A frequency statement says how many things in a class S have the
property P; it tells us the frequency with which P occurs in that
An absolute frequency statement gives the actual number of Ss
that are P.
2,149 students at Tiptop College are humanities majors.
A relative frequency statement gives the proportion of Ss that
Thirty-six percent of the students at Tiptop College are humanities
As you can see, an absolute frequency is a special sort of total,
and a relative frequency is a special sort of ratio.
A frequency statement divides Ss into two subclasses: those
that are P and those that are not P: humanities majors versus
However, we can also do a more thorough classification, dividing
Ss into those that are P, Q, R, and so forth, indicating the proportions that fall into each subclass. The result is called a frequency
From a logical standpoint, a distribution is simply a
classification with numbers attached. Because a distribution
involves a classification, the rules of classification apply. To
have a meaningful distribution, we should use a single principle
or a consistent set of principles--that is, a single variable or
set of variables.
The subgroups should be mutually exclusive, so that we don't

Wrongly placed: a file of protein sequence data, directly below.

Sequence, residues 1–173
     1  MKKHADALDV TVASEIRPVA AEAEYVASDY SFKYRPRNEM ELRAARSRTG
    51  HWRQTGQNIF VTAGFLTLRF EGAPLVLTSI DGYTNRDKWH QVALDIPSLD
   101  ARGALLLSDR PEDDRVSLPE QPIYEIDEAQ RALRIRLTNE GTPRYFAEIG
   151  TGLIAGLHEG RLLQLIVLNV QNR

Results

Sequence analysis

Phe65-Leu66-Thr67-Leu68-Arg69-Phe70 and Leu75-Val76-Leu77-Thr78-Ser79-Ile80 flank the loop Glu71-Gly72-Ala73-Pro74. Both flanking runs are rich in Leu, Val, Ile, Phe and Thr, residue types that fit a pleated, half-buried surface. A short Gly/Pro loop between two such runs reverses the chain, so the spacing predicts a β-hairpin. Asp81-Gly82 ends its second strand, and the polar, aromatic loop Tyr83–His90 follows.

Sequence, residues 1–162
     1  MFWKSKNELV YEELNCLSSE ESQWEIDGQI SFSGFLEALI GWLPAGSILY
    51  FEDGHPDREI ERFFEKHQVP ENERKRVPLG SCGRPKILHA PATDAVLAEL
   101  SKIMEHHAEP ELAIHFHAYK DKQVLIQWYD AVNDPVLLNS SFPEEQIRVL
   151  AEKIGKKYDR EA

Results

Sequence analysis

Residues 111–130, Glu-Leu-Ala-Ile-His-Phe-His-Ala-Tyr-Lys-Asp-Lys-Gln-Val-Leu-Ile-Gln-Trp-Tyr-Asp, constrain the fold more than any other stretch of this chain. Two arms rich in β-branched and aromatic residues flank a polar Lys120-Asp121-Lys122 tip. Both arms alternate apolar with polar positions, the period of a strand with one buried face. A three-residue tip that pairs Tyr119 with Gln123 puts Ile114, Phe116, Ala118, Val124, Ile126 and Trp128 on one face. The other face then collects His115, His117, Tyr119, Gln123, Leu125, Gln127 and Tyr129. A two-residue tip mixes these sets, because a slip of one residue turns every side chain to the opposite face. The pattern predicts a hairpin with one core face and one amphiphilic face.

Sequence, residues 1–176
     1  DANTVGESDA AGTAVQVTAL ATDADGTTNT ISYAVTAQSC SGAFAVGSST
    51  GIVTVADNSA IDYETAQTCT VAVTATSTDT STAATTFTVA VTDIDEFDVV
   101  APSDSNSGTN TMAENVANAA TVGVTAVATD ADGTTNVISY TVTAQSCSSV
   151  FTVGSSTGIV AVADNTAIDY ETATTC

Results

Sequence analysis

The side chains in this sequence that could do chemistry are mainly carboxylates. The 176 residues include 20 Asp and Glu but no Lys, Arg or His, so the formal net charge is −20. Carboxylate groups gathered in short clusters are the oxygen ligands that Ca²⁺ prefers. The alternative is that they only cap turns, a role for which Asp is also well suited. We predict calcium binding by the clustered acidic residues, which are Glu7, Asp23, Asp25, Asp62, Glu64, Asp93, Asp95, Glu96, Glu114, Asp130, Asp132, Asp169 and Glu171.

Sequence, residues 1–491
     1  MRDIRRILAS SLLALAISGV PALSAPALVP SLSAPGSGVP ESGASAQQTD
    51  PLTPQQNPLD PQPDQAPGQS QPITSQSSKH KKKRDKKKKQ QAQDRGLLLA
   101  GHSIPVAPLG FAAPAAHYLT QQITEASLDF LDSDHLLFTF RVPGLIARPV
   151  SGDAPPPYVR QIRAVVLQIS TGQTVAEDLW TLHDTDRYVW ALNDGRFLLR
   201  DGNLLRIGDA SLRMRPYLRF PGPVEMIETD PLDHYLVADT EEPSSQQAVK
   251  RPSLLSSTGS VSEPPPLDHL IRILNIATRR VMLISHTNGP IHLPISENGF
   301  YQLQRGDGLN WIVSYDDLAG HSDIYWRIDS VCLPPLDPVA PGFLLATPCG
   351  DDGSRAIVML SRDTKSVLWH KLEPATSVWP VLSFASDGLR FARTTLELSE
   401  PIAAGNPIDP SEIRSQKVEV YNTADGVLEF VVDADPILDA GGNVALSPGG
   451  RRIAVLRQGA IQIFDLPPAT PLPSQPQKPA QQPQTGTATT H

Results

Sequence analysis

count individual things twice. If they are not mutually
exclusive, the frequencies will add up to more than 100 percent.
The subgroups should also be jointly exhaustive, so that all the
Ss are assigned to one species (value) or another. If they
are not jointly exhaustive, the frequencies will add up to less
than 100 percent.
Statements about frequencies and distributions also require that
we define our terms carefully. If we are going to measure the
proportions of Ss that are P, or the distribution of Ss into
subgroups P, Q, and R, we need definitions of all these groups.
Unlike a definition used in ordinary reasoning, a definition used
for statistical purposes can't have fuzzy borders; it must give
us a clear criterion for deciding whether to include or exclude
any given thing.
This usually involves an element of stipulation, and different
researchers make different decisions.
One implication is that you cannot always compare statistics
compiled by different researchers, even when they deal with the
Before you could draw any conclusions about whether illiteracy is
widespread in this country, you would need to decide what a
reasonable definition of illiteracy is. You cannot accept
any particular number at face value without being able to defend
the definition that produced it.